Another year of cinema has passed, which means it’s time for our second annual Golden Cages awards, the only end-of-the-year awards program featuring everyone’s favorite actor as a screaming statuette! Over the next two weeks leading up to the Academy Awards, we at Flixist will be announcing our winners across seventeen different categories for what we consider the best achievements in film in 2019. Why do we wait so long into the year to do this? Because we can! So sit back, relax, and enjoy the awards.
For Sama remains my most memorable film of 2019. I had the privilege of interviewing directors Waad al-Kateab and Edward Watts at SXSW this time last year, and that encounter for me cemented the idea that films can actually be used as vehicles, a message, from one person to another. I think we have a tendency to theorise and speculate a lot about what a film means, what a shot implied, what the director might have tried to be doing, whether or not we feel an emotional response to the material, and then we evaluate our window of insight with a number. While that’s not a bad thing — and can be a lot of fun, as any film fan knows — it’s another thing entirely to speak to the people who created a very personal story and chose to share it through this media.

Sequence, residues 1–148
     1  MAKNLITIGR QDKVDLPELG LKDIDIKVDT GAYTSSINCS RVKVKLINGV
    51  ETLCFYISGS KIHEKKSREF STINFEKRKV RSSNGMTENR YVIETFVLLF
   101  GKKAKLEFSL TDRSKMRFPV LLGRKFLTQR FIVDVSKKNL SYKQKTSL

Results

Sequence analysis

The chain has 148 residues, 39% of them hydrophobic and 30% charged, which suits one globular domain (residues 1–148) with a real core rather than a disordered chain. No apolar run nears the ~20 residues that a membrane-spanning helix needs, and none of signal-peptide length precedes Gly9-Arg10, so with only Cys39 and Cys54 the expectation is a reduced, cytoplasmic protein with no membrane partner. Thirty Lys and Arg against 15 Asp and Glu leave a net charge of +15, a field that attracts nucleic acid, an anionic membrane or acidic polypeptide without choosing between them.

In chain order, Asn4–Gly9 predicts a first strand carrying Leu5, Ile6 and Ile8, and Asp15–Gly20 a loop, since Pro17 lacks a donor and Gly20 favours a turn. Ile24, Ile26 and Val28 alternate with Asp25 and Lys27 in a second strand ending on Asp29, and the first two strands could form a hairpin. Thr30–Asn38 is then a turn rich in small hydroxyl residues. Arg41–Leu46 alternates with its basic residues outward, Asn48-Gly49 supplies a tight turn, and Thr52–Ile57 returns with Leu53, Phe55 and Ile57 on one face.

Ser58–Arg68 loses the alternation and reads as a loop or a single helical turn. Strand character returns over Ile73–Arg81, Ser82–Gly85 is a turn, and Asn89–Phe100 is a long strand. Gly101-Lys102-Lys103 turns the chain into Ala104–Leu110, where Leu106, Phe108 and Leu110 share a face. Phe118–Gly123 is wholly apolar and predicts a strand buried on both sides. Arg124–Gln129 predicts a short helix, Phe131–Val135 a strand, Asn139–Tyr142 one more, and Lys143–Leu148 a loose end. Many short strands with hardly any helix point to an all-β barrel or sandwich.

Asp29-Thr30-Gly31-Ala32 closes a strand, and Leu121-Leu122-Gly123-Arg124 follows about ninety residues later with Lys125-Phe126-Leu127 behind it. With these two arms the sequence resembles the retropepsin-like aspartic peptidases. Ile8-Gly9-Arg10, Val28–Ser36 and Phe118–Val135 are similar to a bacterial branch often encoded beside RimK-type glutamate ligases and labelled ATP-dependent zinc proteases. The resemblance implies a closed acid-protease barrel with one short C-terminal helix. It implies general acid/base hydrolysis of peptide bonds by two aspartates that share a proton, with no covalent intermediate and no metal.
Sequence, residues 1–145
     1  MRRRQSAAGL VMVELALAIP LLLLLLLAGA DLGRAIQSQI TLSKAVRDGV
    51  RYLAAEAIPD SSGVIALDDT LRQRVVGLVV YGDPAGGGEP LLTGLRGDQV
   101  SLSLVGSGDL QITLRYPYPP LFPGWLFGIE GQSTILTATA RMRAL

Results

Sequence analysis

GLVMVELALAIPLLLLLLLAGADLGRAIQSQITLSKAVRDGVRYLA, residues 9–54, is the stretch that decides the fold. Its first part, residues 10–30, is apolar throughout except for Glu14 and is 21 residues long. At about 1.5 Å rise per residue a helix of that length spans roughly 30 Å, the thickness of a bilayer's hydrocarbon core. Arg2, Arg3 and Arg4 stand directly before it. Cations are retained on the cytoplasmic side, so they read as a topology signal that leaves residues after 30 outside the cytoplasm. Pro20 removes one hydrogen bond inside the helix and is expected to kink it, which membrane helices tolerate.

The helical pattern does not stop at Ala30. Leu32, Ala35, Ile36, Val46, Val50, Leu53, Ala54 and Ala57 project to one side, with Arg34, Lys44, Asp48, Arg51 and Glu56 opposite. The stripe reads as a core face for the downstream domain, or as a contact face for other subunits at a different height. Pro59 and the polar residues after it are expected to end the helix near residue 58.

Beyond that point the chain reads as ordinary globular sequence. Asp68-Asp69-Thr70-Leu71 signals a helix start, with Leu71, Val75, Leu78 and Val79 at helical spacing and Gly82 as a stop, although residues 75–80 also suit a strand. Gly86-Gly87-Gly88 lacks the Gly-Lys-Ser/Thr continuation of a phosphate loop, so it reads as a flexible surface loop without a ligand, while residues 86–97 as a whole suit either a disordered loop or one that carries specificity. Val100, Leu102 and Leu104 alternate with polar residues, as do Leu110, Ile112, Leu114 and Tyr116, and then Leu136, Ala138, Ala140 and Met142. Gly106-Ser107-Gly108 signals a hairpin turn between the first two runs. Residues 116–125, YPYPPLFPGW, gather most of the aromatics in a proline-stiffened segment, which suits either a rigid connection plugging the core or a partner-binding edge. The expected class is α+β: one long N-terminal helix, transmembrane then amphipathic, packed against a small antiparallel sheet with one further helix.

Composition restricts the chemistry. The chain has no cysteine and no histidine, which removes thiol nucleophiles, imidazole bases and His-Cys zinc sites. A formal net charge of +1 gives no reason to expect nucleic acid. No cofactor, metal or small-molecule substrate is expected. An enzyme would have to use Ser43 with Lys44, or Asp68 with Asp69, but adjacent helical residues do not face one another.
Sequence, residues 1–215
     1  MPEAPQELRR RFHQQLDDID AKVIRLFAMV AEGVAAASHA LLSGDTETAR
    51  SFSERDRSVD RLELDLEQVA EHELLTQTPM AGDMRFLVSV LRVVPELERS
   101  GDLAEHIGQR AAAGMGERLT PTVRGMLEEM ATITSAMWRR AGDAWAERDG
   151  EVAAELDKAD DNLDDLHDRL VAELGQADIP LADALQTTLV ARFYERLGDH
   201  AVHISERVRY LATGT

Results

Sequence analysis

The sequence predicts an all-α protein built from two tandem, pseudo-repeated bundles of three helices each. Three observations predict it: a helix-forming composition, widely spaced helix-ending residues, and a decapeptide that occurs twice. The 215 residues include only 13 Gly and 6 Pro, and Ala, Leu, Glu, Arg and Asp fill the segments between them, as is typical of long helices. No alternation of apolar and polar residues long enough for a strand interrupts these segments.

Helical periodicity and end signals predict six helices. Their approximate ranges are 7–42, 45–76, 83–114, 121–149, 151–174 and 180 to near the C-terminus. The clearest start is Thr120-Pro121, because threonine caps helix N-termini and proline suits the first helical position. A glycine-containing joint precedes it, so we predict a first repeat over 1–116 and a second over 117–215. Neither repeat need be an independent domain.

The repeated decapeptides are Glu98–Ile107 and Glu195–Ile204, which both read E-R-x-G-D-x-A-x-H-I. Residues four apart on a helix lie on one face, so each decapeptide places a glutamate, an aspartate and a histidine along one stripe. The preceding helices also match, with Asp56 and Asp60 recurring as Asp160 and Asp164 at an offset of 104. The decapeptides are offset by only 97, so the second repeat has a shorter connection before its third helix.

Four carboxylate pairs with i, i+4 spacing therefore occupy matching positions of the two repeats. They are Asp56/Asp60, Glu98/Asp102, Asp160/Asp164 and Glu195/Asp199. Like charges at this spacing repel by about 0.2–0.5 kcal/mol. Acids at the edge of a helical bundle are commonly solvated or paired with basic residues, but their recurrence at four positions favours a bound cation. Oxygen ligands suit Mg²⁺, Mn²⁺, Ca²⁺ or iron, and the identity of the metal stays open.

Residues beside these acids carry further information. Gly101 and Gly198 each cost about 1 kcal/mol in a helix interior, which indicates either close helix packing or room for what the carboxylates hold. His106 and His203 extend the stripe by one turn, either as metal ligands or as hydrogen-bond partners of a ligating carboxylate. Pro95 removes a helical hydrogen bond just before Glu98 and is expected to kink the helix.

Waad al-Kateab is first and foremost a journalist. Prior to the film’s production she was an avid broadcaster, recording footage of life in Syria. When war broke out, she kept up the practice, filming her life with her husband Hamza, a doctor, and daughter Sama, in Aleppo. Many would shy away from recording the images of life in such a brutal and unforgiving place, but she described her compulsion to do the opposite, so that her story could be told to future generations.
There are the expected horrors of war — hospital bombings, civilan attacks. A pregnant woman is the victim of an attack and her newborn baby is only just rescued. But there are also a significant amount of quiet, reflective moments, verging on the serene. Amid everything, Waad and Hamza treasure their baby girl and relish moments where she giggles at a toy or at someone pulling faces. This childhood shouldn’t have flourished by any stretch of the imagination, but it does. It’s nothing short of miraculous.
Despite everything, the family survives, and that’s really the triumph of the whole story. After 5 years — which is almost inconceivable, thinking about the living conditions and the constant battle with despicable warfare tactics — Waad had gathered hundreds of hours of footage, enough to compile her own film. I asked her about the construction of the narrative and she admitted it wasn’t easy to narrow it down. I couldn’t disagree — how do you go about building a narrative out of something so traumatic and so lived? But it seems as if the desire to survive something like the Syrian regime was only superseded by Waad’s courage and singular mission to make her story known for her daughter her generation, giving the film a power I’ve rarely seen in films before.